A big concern with this system is the potential for significant ice accumulation. Those areas in northeastern Nebraska, and back towards the Tri-Cities are currently forecast to get anywhere from 0.20″ to 0.50″ of ice. That much ice could cause tree and power line damage, resulting in possible power outages in these areas. It will also lead to incredibly slick conditions, particularly on untreated surfaces like driveways, sidewalks, and parking lots. Again, as mentioned previously, with the combination of heavy snow and potentially heavy icing across the state, travel conditions could be perilous at times and if you don’t have to be out on the roads over the next 18 to 24 hours, please don’t!
As far as total liquid precipitation is concerned, Lincoln and southeastern Nebraska look to pick up 0.25″ to 0.75″ of moisture. Most of that will come as rain through the day on Monday, with some lingering snow into the day on Tuesday. Parts of northern Nebraska that see heavy snow, could come away with 1.00″ to 2.00″ of liquid precipitation. The system is a wet one, and all the moisture will be incredibly beneficial, unfortunately it will be causing very difficult conditions as it falls.
Again, as mentioned, a few thunderstorms can’t be ruled out through the day on Monday, and we can’t even rule out an isolated severe thunderstorm. The SPC has a marginal risk for severe weather in extreme southeastern Nebraska with large hail and damaging winds as the primary threats. The general thunderstorm outlook though covers most of the 10/11 coverage area, meaning that areas of thundersnow and maybe even “thunder-ice” will be possible at times on Monday. If we do see enough instability to cause some lightning in areas that are seeing snow or freezing precipitation, it could greatly increase the potential snow and ice amounts in those areas!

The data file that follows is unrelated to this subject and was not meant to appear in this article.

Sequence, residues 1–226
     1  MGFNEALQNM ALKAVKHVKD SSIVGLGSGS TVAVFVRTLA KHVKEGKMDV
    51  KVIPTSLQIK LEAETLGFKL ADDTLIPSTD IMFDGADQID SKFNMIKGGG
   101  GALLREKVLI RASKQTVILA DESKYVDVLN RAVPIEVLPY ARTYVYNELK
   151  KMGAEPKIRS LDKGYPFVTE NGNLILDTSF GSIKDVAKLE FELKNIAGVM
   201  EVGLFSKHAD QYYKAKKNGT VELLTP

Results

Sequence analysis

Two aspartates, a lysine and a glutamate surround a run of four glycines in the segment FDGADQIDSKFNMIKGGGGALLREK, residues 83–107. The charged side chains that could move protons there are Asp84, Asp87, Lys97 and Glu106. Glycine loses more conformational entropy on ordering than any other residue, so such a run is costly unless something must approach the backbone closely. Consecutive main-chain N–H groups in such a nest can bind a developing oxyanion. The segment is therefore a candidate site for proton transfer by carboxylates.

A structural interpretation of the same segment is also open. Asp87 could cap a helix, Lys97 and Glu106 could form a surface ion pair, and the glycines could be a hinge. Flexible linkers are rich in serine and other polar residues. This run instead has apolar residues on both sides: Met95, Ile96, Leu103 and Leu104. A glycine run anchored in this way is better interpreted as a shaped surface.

As far as temperatures are concerned, this is not a “cold” system as temperatures look to actually be fairly seasonal for this time of year. Thanks in part to a blanket of low clouds and the low-pressure system still bringing some milder air further to the north, low temperatures tonight will only fall to the low to mid 30s for southeastern Nebraska. Cooler temperatures are forecast on the backside of the low for central and western Nebraska, where temperatures should drop into the low 20s to near 30° by Tuesday morning.
High temperatures on Tuesday won’t be overly cold, with temperatures reaching the mid 20s to mid 30s for most. Lincoln and southeastern Nebraska will likely see high temperatures in the mid to late morning hours with temperatures falling back to the mid to upper 20s in the afternoon as the low-pressure system finally slides off to our east, turning our winds to the north and northeast. Winds will be breezy into the afternoon, sustained at 15 to 25 MPH with gusts as high as 30 to 40 MPH possible.
The extended forecast has a lingering chance for some light snow into Wednesday but should be generally dry for the second half of the week and into the weekend. Temperatures look to be a bit up and down, ranging from the upper 20s on Wednesday to the low 40s on Friday before falling back to the low to mid 30s for the upcoming weekend.
Copyright 2022 KOLN. All rights reserved.